How went from a legitimate business venture to a weird honeypot

Late last year, a Michigander named Wendy Wein decided to have her ex-husband killed. Unsure of how to go about this, she simply googled "rent a hitman," saw a link for, and submitted a request using the company's convenient online form.

Despite the claims made by founder Guido Fanelli, does not actually comply with the privacy laws as sort forth in the Hitman Information Privacy & Protection Act of 1964 (also known as HIPPA). That's because such a law doesn't exist, and neither does Guido Fanelli. Because is — gasp! — not real! As the Washington Post reported: is a fake website. It's not run by "Guido Fanelli," as it claims, but by Bob Innes, a 54-year-old Northern California man who forwards any serious inquiries to law enforcement. Innes launched the site 16 years ago as part of an Internet security business that never went anywhere. Instead, it has served as a honeypot of sorts, attracting people who want to hire professional killers.

For Wein, it didn't go well. She was arrested within days of seeking out an assassin and pleaded guilty earlier this month to solicitation of murder and using a computer to commit a crime. Under her plea agreement, she faces at least nine years in prison when she is sentenced in January.

On the surface, it certainly seems strange that some random guy just happens to run his own assassination honeypot hobby. Naturally, there's a story there. It turns out that Innes had gone through the Napa Valley Police Academy himself, and then ended looking at a career in network security. He purchased the domain name back in 2005 as part of a joint business venture — first, to resell for a profit if someone wanted it, and second, to help him launch his own B2B consulting firm that would test company's online infrastructure for vulnerabilities.

Ultimately, neither venture panned out, and he just kind of forgot about the domain. A few years later, he checked the email inboxes for the site, and found around 300 inquiries, most of which seemed serious, or at least earnest. Then, in 2010, he received his first serious inquiry. As he conveyed to Roling Stone:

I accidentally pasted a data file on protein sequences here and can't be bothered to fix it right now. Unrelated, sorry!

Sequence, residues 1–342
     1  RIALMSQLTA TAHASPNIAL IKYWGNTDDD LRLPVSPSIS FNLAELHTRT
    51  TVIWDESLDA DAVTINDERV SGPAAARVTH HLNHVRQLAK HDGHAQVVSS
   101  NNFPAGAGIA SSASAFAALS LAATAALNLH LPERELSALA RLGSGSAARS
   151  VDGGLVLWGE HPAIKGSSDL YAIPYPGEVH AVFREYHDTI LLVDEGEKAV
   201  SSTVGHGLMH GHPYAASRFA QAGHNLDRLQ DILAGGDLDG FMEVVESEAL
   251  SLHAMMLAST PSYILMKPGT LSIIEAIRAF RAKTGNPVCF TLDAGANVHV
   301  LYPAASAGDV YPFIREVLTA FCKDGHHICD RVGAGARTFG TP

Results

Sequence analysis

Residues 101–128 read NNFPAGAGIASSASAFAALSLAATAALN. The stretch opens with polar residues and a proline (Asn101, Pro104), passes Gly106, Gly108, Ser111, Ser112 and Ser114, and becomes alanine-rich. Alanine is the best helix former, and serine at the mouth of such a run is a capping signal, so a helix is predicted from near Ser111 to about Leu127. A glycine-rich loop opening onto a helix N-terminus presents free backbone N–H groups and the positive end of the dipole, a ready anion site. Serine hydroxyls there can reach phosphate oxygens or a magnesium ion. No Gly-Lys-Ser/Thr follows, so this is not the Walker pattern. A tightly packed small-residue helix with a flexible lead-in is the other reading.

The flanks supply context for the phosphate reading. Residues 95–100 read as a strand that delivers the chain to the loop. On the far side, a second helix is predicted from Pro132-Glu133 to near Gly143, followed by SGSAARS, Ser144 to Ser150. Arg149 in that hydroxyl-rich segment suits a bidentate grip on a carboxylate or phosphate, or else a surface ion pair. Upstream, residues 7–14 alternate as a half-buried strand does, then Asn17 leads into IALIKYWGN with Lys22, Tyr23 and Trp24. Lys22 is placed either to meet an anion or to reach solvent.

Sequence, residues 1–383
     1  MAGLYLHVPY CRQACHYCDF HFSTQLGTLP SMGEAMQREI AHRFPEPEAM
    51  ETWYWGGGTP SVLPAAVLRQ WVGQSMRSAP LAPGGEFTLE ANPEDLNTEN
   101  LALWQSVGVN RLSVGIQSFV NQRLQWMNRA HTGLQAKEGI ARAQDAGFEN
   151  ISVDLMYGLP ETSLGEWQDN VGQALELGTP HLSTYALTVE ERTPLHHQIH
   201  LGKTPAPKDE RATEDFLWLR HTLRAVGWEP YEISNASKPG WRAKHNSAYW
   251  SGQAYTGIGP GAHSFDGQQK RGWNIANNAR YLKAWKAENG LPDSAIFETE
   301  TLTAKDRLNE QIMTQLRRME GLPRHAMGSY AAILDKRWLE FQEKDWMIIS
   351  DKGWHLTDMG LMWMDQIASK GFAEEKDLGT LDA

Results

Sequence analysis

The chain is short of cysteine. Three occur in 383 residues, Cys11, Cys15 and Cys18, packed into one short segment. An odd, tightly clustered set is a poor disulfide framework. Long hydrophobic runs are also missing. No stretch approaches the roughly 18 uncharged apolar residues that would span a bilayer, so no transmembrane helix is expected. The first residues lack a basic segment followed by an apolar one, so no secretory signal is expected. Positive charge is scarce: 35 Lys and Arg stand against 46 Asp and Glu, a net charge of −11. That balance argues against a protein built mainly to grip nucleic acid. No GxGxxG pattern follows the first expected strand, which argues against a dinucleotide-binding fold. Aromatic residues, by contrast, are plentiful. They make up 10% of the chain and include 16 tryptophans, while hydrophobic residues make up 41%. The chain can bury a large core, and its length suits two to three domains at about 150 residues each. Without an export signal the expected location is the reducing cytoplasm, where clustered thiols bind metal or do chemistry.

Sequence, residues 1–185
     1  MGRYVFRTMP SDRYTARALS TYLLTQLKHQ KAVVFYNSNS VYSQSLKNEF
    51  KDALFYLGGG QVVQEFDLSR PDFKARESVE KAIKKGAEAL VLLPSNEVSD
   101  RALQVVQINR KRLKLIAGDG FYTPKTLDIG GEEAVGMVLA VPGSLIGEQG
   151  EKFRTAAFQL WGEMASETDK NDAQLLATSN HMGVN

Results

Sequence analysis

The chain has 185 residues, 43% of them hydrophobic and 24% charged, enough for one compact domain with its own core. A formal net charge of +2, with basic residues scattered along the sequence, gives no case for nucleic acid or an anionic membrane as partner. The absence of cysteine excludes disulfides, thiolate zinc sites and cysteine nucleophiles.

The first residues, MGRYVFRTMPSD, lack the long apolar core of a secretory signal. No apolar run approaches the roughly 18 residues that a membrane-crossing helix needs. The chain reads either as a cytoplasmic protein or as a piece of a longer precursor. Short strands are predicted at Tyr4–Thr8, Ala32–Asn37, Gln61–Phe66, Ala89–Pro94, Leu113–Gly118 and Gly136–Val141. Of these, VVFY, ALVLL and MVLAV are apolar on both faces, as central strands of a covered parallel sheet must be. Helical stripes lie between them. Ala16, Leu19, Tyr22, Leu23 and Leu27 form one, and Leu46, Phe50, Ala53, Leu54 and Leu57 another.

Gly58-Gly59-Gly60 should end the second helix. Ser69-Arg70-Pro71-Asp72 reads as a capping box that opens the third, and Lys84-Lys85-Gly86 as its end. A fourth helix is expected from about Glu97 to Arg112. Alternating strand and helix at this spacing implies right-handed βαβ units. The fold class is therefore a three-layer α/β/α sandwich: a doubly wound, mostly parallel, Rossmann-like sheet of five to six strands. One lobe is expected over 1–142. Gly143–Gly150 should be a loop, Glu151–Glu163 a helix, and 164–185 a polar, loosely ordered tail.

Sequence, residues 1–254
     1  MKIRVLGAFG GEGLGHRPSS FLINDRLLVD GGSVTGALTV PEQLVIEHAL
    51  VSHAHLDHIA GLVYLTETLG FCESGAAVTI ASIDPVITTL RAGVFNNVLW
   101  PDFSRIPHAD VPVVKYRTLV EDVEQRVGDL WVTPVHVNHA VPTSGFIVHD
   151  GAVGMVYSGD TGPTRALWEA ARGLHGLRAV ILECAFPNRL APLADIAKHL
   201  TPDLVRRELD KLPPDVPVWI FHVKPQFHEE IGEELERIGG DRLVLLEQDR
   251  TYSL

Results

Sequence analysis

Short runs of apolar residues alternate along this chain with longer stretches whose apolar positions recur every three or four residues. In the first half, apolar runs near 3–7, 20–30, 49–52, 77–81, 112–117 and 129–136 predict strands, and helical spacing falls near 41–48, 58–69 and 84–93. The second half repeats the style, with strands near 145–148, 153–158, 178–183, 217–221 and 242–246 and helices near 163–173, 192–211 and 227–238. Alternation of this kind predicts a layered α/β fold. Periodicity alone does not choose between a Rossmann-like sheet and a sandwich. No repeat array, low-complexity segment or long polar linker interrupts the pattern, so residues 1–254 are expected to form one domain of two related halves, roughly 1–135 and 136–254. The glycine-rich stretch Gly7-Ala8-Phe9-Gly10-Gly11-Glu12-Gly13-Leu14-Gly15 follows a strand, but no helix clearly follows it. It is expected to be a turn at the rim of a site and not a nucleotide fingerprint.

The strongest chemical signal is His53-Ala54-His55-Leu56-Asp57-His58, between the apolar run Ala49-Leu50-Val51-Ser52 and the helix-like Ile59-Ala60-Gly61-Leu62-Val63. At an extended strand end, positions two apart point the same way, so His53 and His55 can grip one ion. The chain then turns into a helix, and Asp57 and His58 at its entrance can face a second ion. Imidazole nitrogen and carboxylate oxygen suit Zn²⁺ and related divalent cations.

It was from a female by the name of Helen. She was out of the U.K. but stranded in Canada. She had written an email to the contact email address, and it basically just it was a long and rambling email saying how she was screwed out of her father's inheritance by three family members. She has no money. She has no place to live. She is stranded in Canada without a passport, so she can't even leave. She wanted retaliation against her aunt, uncle, and one other family member. She provided physical addresses and whatnot. So when I first received that e-mail, I was helping my brother move from L.A. back up here to the Bay Area, so I was loading a U-Haul truck full of his belongings. I didn't really take the time to read Helen's e-mail in-depth. I just thought, this is a troubled person. I really didn't give it much thought. Then she sends a second e-mail with "Urgent" in the subject line with more detail, more corroborating information. And I responded to that e-mail and I asked two simple questions. "Do you still require our services? Would you like me to put you in contact with the field operatives?"

I could tell that this person was in a bad place. She obviously was serious about causing harm to people overseas. Her email was long and rambling and with great detail. This is a person that was in desperate need… The other emails, they were basically one line emails to the e-mail account, and there wasn't a lot of information to go off of. Nobody was leaving names or addresses or anything like that. These were people just kind of feeling the water. And I didn't respond, so they kind of just went away with this. This Helen email, I knew just reading her first e-mail that this is a person who wanted to have these people murdered. 

Innes would catfished Helen for a while until he got some details out of her, which he then passed on to a friend in the local department, who in turn contacted Canadian authorities, who performed a welfare check on the woman — who turned out to have several extraditable warrants in the UK.

Since then, Innes has forwarded about 400 "service requests" to authorities — a little more than half of all of the inquiries he receives through the site, according to the Post. Some of them have turned out to be pretty serious, too, though I'm not sure where this sort of pedestrian volunteer service falls in terms of entrapment.

A Michigan woman tried to hire an assassin online at Now, she's going to prison. [Jonathan Edwards / Washington Post]

How a Fake Rent-a-Hitman Site Became an Accidental Murder-for-Hire Sting Operation [EJ Dickson / Rolling Stone]